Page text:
Managing home finances while your spouse is deployed can be a challenge. But you don’t have to wait until he returns to take advantage of VA loan benefits and historic low rates. Zero-down purchase loans and up to 100% cash-out refinancing can help eliminate monthly high rent or give you extra money for expenses. Fact is, you can sign VA purchase or refinance loan documents on your service member spouse’s behalf.
As Power of Attorney (POA), a spouse or other person close to the military member can handle legal or business matters. In a VA loan transaction, a POA helps protect a veteran who is unable to be there for important steps in the loan process.
Throughout the loan process, a POA does many things like verify the veteran’s intent for VA home loan entitlement to be used for the purchase or refinance of the home. The veteran’s spouse as POA is even permitted to apply for a Certificate of Eligibility and initiate the processing of a loan.
The U.S. Department of Veterans Affairs encourages field station commanders to be extra sensitive and flexible with military members deployed overseas who wish to use their VA home loan benefits through the help of a POA.
Once a military member indicates the desire to purchase or refinance a home with VA home loan entitlement, then a specific POA can be designated. This is, more often than not, a spouse. A military spouse has regular communication via Skype and email and can show proof of a VA-eligible military member’s objectives.
The spouse acting as POA in a VA loan transaction should keep written correspondence or print out emails discussing the real estate transaction and use of loan benefits.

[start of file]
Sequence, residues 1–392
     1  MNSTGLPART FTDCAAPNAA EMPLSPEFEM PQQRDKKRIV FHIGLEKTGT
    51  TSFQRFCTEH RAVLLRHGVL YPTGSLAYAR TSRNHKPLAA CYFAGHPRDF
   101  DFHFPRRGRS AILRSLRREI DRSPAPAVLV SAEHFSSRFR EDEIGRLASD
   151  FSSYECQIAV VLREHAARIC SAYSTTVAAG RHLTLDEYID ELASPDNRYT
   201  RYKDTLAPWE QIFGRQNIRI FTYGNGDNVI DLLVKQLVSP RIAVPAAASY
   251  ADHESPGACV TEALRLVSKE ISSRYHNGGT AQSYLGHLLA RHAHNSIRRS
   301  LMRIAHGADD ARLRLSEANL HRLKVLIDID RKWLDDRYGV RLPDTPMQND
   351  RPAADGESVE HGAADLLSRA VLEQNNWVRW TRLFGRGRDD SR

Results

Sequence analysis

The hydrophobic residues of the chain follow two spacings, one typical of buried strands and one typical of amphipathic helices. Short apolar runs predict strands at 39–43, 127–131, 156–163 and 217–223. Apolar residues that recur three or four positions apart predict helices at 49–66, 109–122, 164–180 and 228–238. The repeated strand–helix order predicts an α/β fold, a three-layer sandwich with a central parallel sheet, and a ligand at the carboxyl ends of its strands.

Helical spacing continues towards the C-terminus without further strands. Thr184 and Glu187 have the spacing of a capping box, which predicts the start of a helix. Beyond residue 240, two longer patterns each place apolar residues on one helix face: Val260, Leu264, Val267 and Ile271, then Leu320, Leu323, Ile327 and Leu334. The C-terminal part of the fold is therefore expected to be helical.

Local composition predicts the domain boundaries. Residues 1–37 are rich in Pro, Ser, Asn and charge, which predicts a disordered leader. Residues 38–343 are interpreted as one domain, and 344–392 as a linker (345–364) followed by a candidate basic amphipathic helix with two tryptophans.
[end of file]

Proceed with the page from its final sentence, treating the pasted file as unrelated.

To complete the loan transaction using a spouse as POA, the VA also requires a veteran’s written consent to the specifics of the transaction. This is where the copies of emails and letters will come in handy. This requirement can be satisfied by either:
- the veteran’s signature on both the sales contract and the loan application, as long as the veteran’s intention to obtain a VA loan on the particular property is expressed somewhere in those documents, or
- a specific power of attorney or other document(s) signed by the veteran, which encompasses entitlement, purpose, property identification, price and terms, and occupancy.
Other written certifications may be needed that have to do with the veteran’s military status and whether he or she is alive during the closing, on active duty, or missing in action.
If the VA has information that the veteran is MIA or deceased as a result of service, then the spouse may be eligible for a VA loan on her own.
In order for a POA to act on a veteran’s behalf, the lender must ensure that the POA complies with state law in respect to:
- The mortgage can legally be enforced in that jurisdiction, and
- Clear title can be conveyed in the event of foreclosure.
Spouses of active duty members overseas can learn more about VA mortgages by contacting a VA Loan Professional.
Ashleigh Downing is the Social Media Director for iFreedom Direct. She has been working with and writing about veteran’s benefits and issues for the past three years.
iFreedom Direct is a top national VA lender that specializes in assisting active members and retired veterans of the Armed Forces with VA loans.